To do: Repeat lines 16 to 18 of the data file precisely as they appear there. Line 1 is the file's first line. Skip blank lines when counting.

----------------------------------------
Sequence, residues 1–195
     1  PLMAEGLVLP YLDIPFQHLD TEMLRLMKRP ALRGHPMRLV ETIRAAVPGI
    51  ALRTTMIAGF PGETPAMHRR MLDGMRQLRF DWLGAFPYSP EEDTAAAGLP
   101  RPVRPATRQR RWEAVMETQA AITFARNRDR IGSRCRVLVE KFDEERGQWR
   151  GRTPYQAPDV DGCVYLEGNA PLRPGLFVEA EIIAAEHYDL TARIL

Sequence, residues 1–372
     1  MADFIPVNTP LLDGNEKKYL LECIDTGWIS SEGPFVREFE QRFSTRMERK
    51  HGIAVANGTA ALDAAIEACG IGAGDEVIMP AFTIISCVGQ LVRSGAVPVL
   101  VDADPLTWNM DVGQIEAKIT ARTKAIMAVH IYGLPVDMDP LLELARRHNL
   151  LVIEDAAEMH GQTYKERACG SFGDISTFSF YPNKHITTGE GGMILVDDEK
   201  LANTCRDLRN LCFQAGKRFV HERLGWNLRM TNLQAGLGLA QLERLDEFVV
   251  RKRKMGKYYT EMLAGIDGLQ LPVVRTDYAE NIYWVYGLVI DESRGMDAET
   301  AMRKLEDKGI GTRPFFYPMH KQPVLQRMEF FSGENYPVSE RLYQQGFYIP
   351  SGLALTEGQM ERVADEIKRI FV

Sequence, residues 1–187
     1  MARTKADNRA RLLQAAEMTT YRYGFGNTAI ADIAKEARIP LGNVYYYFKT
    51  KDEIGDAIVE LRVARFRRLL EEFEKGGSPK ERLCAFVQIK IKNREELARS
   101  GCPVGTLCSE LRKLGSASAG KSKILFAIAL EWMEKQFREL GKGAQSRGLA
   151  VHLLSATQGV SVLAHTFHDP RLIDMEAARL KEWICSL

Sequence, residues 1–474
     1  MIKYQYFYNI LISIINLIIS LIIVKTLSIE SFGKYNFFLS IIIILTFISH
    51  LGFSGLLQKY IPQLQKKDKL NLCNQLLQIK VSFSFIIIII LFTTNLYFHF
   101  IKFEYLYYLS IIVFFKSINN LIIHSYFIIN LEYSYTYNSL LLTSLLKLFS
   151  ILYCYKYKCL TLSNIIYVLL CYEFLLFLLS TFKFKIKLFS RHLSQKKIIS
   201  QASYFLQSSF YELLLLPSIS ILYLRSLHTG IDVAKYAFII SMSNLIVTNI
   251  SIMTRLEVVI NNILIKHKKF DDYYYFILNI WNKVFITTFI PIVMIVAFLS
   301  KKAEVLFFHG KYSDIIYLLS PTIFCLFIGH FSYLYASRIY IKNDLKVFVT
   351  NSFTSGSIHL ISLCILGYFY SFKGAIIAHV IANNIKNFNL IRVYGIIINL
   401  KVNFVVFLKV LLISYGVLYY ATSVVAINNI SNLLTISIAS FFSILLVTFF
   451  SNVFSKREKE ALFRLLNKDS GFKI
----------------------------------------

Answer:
     1  MARTKADNRA RLLQAAEMTT YRYGFGNTAI ADIAKEARIP LGNVYYYFKT
    51  KDEIGDAIVE LRVARFRRLL EEFEKGGSPK ERLCAFVQIK IKNREELARS
   101  GCPVGTLCSE LRKLGSASAG KSKILFAIAL EWMEKQFREL GKGAQSRGLA